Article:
Matthew Jeffrey Abrams
Thursday, October 15, 2020, 2pm EDT
In the context of Stanley Whitney’s exhibition of recent paintings at Gagosian, Rome, which closes on October 17, Whitney and author Matthew Jeffrey Abrams will discuss Abram’s new monograph on the artist and the diverse formative influences on the artist’s imagination. To join, register at zoom.us.
Stanley Whitney at his studio near Parma, Italy, 2012. Photo: Marina Adams, courtesy the artist
April 15–21, 2020
Stanley Whitney has been deeply invested in chromatic experimentation throughout his career, but it was the experience of Italian art and architecture, both ancient and modern, that informed his unique understanding of the nuanced relationship between color and geometry. His highly dynamic abstract paintings unlock the grid, imbuing it with new and unexpected cadences of color, rhythm, and space. Deriving inspiration from sources as diverse as Sandro Botticelli and Piet Mondrian, free jazz and American quilt-making, Whitney composes in varying scales with vibrant blocks and bars that articulate a chromatic call-and-response within each canvas.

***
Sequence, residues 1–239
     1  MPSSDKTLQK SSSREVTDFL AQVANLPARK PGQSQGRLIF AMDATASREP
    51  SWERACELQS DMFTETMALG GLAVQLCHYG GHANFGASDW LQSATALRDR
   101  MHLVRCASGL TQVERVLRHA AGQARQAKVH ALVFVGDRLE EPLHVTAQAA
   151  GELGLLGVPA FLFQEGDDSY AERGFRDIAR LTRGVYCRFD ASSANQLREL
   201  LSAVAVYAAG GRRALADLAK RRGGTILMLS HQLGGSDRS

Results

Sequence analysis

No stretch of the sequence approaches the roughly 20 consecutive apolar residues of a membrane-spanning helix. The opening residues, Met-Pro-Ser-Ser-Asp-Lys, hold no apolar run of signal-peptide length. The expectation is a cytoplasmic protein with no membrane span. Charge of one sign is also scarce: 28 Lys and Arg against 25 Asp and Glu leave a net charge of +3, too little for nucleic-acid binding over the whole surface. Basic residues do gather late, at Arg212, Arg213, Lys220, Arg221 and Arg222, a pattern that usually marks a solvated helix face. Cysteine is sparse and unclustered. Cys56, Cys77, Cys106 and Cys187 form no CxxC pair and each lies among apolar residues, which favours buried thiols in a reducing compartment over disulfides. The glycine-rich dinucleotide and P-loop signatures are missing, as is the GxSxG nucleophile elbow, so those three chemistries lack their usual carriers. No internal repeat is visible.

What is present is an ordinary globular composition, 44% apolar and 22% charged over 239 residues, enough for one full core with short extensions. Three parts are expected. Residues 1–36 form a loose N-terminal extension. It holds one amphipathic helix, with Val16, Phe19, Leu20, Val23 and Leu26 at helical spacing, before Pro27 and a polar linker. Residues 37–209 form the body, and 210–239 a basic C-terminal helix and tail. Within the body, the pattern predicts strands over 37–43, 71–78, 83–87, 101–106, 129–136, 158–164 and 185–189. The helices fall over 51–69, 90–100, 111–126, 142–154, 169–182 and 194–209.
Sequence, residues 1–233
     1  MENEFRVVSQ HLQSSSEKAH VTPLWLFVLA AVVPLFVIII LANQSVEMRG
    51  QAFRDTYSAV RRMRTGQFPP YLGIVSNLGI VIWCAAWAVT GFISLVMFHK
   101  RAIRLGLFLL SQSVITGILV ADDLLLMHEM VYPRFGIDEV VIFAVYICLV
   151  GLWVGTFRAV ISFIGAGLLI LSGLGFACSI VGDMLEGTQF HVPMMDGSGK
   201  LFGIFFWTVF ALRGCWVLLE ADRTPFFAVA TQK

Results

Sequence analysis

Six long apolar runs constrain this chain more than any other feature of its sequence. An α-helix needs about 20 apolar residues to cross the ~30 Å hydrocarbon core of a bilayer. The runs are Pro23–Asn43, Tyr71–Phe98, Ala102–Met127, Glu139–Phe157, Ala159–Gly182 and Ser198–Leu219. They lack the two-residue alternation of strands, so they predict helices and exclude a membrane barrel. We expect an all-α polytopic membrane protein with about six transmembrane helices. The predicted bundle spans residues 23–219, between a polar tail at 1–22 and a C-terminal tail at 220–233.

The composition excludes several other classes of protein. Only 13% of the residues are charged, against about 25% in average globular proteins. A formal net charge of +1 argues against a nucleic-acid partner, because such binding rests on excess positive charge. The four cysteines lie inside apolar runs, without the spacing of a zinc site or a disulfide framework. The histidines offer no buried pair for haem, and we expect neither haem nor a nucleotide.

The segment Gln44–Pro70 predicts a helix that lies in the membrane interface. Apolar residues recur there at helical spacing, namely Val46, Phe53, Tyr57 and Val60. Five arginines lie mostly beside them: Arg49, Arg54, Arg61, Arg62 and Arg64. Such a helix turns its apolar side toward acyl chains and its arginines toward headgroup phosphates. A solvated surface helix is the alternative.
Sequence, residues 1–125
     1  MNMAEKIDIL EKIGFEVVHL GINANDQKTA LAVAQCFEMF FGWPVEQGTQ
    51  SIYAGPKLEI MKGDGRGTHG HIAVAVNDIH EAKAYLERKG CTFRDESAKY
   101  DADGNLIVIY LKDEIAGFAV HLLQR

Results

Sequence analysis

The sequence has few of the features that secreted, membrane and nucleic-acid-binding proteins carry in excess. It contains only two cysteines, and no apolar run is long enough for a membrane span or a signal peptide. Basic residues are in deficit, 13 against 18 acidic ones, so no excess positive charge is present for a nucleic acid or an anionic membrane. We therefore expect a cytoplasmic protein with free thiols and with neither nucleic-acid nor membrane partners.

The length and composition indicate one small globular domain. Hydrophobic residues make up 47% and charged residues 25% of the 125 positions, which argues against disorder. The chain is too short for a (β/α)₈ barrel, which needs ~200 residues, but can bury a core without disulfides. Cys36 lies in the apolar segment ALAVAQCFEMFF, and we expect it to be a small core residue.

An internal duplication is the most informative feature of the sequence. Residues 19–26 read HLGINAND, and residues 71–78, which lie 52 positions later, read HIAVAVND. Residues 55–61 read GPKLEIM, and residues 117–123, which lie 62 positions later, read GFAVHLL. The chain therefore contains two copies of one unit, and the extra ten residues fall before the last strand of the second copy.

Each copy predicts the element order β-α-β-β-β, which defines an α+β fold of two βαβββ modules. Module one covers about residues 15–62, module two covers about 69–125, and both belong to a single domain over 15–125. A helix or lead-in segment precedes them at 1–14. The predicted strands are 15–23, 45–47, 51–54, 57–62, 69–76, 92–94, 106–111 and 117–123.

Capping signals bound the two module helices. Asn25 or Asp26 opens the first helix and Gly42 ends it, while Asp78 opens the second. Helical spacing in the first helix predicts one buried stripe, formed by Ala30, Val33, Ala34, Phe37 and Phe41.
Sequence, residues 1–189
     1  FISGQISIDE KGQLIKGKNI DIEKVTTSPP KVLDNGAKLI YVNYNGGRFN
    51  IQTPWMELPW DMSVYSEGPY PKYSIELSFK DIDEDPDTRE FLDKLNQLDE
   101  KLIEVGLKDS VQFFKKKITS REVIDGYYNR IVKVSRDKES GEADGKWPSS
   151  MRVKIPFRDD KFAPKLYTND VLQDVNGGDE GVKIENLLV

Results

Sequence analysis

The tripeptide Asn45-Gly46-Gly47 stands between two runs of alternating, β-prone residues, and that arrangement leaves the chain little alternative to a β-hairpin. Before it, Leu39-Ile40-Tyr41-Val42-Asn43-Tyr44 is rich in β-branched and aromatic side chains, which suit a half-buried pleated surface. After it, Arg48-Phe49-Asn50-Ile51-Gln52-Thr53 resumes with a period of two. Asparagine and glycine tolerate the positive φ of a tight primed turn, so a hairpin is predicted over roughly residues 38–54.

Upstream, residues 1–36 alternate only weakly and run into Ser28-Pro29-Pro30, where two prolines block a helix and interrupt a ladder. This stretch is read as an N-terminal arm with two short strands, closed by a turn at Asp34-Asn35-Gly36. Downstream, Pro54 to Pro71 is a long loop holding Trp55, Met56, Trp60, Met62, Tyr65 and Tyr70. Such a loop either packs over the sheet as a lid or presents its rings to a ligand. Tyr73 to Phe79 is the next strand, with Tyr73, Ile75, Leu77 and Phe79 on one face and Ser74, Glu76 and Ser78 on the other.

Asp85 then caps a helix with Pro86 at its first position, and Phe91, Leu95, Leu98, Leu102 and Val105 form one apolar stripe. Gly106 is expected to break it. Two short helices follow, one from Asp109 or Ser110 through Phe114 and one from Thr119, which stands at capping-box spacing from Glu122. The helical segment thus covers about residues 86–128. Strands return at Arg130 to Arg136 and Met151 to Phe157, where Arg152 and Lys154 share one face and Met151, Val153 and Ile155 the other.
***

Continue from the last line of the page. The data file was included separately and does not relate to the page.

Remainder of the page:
No to Prison Life
For his first public commission, Stanley Whitney used the H&R Block Artspace Project Wall at his alma mater, Kansas City Art Institute in Missouri, to display No to Prison Life (2019) from March 29, 2019 through January 31, 2020. Whitney’s Project Wall commission intentionally combined painting and handwritten text to register an urgent public protest against a US judicial system that promotes arrest, incarceration, and other forms of imprisonment that often further damage lives.
Stanley Whitney, No to Prison Life, 2019 © Stanley Whitney
American Academy of Arts and Letters
Stanley Whitney was inducted into the American Academy of Arts and Letters, New York, in May 2017. Founded in 1898, the 250-person Academy is dedicated to the recognition of the country’s leading architects, artists, composers, and writers. It also administers over seventy awards and prizes, exhibits art and manuscripts, funds performances, and purchases artwork for donation to museums across the country.
Photo: Miranda Leighfield
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Gagosian Quarterly Fall 2020
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